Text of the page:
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Astute observation, keen reading of the tealeaves or wishful thinking, analysts and speculators are raising the specter that Dell could buy Palm, the struggling handheld equipment manufacturer, to bolster its product lines and provide a revenue-generating bulkhead against rising competition by Cisco Systems and IBM.

Neither Dell nor Palm have said they’re in acquisition or merger talks, and the buzz is simply the result of speculation by three analysts interviewed by the Dow Jones news service about “what would make sense.” To the three analysts, a Dell-Palm is a good union since it would give Dell handsets and bail out the struggling Palm.

The analysts may have seen clairvoyant given the reported lackluster response by cellphone carriers to Dell’s alleged freshman effort at a competitor to the Apple iPhone or the Google G1. Conversely, Palm’s Pre debuted with strong reviews, but isn’t generally available and there’s some speculation that Palm could face patent-infringement lawsuits for some of the smart phone’s underlying technology.

While Dell’s revenues and profits have shrunk under the weight of the recession, it remains one of the powerhouses of the IT industry and holds more than $9 billion in cash reserves. The bright spot in Dell’s universe is its new channel, which continues to grow at a faster than industry pace, Dell reports. Analysts seem to think Dell needs to make a major acquisition to stave of rising competition in its core product markets – servers and personal computers.

IBM is reportedly in deep talks to acquire Sun Microsystems. IBM and Sun have been silent on the acquisition talks since news broke nearly a week ago. Industry sources say it will be another week before an IBM-Sun deal is announced. Investors, however, are not reacting well to the silence and have started eroding Sun stock prices in trading.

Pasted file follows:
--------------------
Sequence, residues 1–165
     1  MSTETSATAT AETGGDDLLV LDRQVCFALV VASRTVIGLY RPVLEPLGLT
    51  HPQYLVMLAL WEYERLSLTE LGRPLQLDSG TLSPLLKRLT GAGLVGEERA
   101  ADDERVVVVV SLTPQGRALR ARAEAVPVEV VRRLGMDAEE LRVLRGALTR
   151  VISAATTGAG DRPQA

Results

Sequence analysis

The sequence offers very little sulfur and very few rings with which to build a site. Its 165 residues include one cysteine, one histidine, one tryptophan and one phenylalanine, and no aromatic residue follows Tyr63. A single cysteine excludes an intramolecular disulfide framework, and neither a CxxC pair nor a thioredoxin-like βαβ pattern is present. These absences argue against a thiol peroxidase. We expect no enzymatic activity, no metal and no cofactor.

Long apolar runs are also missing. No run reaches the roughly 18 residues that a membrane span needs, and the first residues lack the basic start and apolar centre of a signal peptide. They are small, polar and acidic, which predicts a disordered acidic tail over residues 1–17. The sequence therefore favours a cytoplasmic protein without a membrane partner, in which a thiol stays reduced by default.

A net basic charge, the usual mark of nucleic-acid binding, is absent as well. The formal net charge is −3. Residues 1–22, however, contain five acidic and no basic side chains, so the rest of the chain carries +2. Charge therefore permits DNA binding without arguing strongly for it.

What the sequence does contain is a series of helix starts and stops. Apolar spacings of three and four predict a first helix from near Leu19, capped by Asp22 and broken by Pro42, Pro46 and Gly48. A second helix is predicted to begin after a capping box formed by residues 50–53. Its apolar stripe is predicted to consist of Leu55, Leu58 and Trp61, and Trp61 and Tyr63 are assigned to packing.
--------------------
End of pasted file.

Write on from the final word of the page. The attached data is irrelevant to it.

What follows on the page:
Should IBM buy Sun for the reported price of $7 billion, it will gain a 10 percent gain in the server market share and place Dell squarely in last place.

Dell is also facing a new competitor in the server market with last week’s entry of Cisco Systems into the server market. Cisco’s unified computing architecture leverages blade technology to optimize data center operations. Cisco is partnering with industry heavyweights VMware, EMC, Microsoft and Red Hat on its server play. While Cisco is targeting large enterprises, it’s success could put pressure on  last-place Dell.

And Dell is under big pressure from longtime rival Hewlett-Packard, which holds the number two position in the server market and overtook Dell for the lead in desktop and notebook personal computers. Dell’s competitive needs in the PC market and desires for a handset/handheld has led some analysts to speculate that Dell would buy an Asian manufacturer such as Acer or HTC.

The recession and credit crunch has put a pinch on mergers and acqusitions, and 2008 was one of the slowest years for M&As. Some industry leaders and analysts have said that the suppressed valuations caused by the bull market are creating prime conditions for a wave of rapid consolidation.